Assured of the French F4 Champion title since the day before, Giusti was keen to finish his season with a success. Dominant in Race 3, he achieved his goal. Souta and Barter joined him on the race podium as well as on the Championship podium.
The weather remained good and the track dry for the very last race of this exciting 2022 season. Perfectly organised by the FFSA Academy, the French F4 Championship kept all its promises until this seventh and last race held on the Paul Ricard circuit. The ranking that has emerged over the year was fairly well reflected in Race 3. The top three in the final Championship standings found themselves on this last podium, albeit out of order for 2nd and 3rd places. Alessandro Giusti started from pole position and led from start to finish, keeping Japan’s Souta Arao behind him, even though he set the fastest lap. Australian Hugh Barter, who started 3rd, lost two places at the start, but managed to recover his position to complete the podium and above all save his place as runner-up from Arao in the 2022 Championship.
“After winning the F4 Junior Championship in 2021, becoming French F4 Champion was clearly my goal for the season,” commented Alessandro Giusti. “On Saturday, I felt great joy when I got out of the car, even though I was a little disappointed not to have won. I was on pole position in Race 1, but Souta started better than me and I didn’t want to take any risks when I saw that Hugh wasn’t behind me. The title was the most important thing! Today I was able to let myself go, I really wanted to finish with a win. I’m very happy with my performance at the end of the season, it showed my ability to take pole positions and win.”
Giusti-Arao-Barter: the infernal trio
Although Race 3 was clear at the front for Frenchman Alessandro Giusti and Japanese driver Souta Arao, drivers like Hugh Barter, Enzo Peugeot, Enzo Geraci, Edgar Pierre and Belgian Lorens Lecertua did not fail to enliven the chasing pack during their rise. After a contact, Barter was passed by Pierre-Alexandre Provost and Elliott Vayron. Quickly back in 4th position, he had to work hard to get back to Provost who had built up a gap. He finally made the connection at the very end of the race. In spite of Provost’s fierce resistance, Barter managed to make the difference by a very narrow margin (one tenth). Enzo Peugeot, who started in 10th position, showed his fighting spirit by moving up to 6th place, to finish not far from Vayron. On the last lap, Swiss driver Dario Cabanelas dropped down in the hierarchy after a collision with Colombian Jeronimo Berrio, who was penalised by 30 seconds.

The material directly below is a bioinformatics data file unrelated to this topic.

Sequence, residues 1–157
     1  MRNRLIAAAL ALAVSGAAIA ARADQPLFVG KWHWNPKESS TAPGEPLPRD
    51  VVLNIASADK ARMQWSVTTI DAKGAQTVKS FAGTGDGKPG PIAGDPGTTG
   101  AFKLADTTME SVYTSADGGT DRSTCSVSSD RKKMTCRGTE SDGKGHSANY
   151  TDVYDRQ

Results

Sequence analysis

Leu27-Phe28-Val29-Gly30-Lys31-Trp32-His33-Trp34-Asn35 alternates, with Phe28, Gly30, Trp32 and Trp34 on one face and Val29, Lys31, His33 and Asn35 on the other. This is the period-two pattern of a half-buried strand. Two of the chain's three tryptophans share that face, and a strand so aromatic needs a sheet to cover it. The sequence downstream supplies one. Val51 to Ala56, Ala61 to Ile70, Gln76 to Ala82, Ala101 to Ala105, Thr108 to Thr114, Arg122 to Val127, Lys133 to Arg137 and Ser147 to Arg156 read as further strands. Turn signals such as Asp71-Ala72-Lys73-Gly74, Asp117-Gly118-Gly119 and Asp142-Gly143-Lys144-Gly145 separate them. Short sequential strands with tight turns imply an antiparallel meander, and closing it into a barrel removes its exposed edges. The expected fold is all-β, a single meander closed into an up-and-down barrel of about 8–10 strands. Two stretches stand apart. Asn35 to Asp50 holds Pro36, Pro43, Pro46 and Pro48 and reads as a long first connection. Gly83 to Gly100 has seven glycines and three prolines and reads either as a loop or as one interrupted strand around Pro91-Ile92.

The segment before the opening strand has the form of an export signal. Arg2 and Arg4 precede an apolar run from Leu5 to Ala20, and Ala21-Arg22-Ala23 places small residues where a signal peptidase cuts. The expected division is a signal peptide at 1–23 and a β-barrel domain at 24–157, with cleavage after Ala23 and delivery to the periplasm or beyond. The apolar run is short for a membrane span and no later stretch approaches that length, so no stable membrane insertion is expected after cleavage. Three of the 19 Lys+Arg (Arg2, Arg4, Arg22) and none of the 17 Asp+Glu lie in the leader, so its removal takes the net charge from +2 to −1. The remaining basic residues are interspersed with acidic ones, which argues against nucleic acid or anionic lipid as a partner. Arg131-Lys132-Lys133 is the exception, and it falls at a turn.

Enzo Geraci, who started 14th, finished his superb progression in 8th position in the wake of Louis Pelet, who was also excellent. The last points to be distributed went to Edgar Pierre and Lorens Lecertua, who gained seven and nine places respectively! The Japanese driver Yuto Nomura failed to finish in the top 10, leading a group of drivers behind him, composed of the Ecuadorian Mateo Villagomez, Enzo Richer, the Panamanian Valentino Mini and Leny Réveillère, who improved by seven places. Contact shortly after the halfway point caused Pablo Sarrazin to drop to 20th position behind Luciano Morano and Antoine Fernande. After a pit stop for a repair, Germany’s Max Reis had to settle for 21st position. There was disappointment for Romain Andriolo and Andorran Pol Lopez Gutierrez, who ended their season with a retirement, while American Garrett Berry had an interesting experience for his F4 Academy debut.
> Race 3 standings
1 Alessandro Giusti (France) with 11 laps
2 Souta Arao (Japan) at 2″725
3 Hugh Barter (Australia) at 9″229
4 Pierre-Alexandre Provost (France) at 9″331
5 Elliott Vayron (France) at 15″846
6 Enzo Peugeot (France) at 17″423
7 Louis Pelet (France) at 20″782
8 Enzo Geraci (France) at 20″905
9 Edgar Pierre (France) at 21″559
10 Lorens Lecertua (Belgium) at 25″207
11 Yuto Nomura (Japan) at 28″973
12 Mateo Villagomez (Ecuador) at 29″926
13 Enzo Richer (France) at 30″514
14 Valentino Mini (Panama) at 30″985
15 Leny Réveillère (France) at 31″370
16 Dario Cabanelas (Switzerland) at 34″774
17 Jeronimo Berrio (Colombia) at 55″309
18 Luciano Morano (FRA) at 1’07″826
19 Antoine Fernande (France) at 1’08″083
20 Pablo Sarrazin (France) at 1’45″179
21 Max Reis (Germany) at 1 lap
22 Garrett Berry (USA) at 3 laps
23 Romain Andriolo (France) at 3 laps
24 Pol Lopez Gutierrez (Andorra) at 8 laps
FL: Souta Arao (Japan) in 2’07″886 (avg. 163.8 km/h)
> French F4 FIA Championship (final ranking after the seventh round at Paul Ricard)
1 Giusti (FRA) 300 pts, 2 Barter (AUS) 241 pts, 3 Arao (JAP) 227 pts, 4 Vayron (FRA) 202 pts, 5 Peugeot (FRA) 149 pts, 6 Berrio (COL) 103 pts, 7 Nomura (JAP) 100 pts, 8 Provost (FRA) 95 pts, 9 Cabanelas (SUI) 90 pts, 10 Andriolo (FRA) 74 pts, 11 Pelet (FRA) 66 pts 12 Lecertua (BEL) 51 pts, 13 Pierre (FRA) 50 pts, 14 Geraci (FRA) 44 pts, 15 Reis (GER) 24 pts, 16 Villagomez (ECU) 11 pts, 17 Richer (FRA) 8 pts, 18 Sarrazin (FRA) 7 pts, 19 Réveillère (FRA) 3 pts, 20 Mini (PAN) 2 pts, 21 Lopez Gutierrez (AND) 1 pt.